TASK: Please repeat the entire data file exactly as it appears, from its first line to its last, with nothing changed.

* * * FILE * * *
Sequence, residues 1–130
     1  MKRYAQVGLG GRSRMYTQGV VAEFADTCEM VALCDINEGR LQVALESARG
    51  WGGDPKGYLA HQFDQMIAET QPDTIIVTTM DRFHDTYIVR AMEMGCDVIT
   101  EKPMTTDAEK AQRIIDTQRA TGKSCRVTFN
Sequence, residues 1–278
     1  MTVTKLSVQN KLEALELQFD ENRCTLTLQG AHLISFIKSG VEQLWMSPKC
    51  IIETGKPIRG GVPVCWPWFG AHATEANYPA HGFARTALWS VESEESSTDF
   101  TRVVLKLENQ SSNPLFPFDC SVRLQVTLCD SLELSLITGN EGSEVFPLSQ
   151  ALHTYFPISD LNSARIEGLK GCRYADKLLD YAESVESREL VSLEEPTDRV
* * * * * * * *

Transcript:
Sequence, residues 1–130
     1  MKRYAQVGLG GRSRMYTQGV VAEFADTCEM VALCDINEGR LQVALESARG
    51  WGGDPKGYLA HQFDQMIAET QPDTIIVTTM DRFHDTYIVR AMEMGCDVIT
   101  EKPMTTDAEK AQRIIDTQRA TGKSCRVTFN
Sequence, residues 1–278
     1  MTVTKLSVQN KLEALELQFD ENRCTLTLQG AHLISFIKSG VEQLWMSPKC
    51  IIETGKPIRG GVPVCWPWFG AHATEANYPA HGFARTALWS VESEESSTDF
   101  TRVVLKLENQ SSNPLFPFDC SVRLQVTLCD SLELSLITGN EGSEVFPLSQ
   151  ALHTYFPISD LNSARIEGLK GCRYADKLLD YAESVESREL VSLEEPTDRV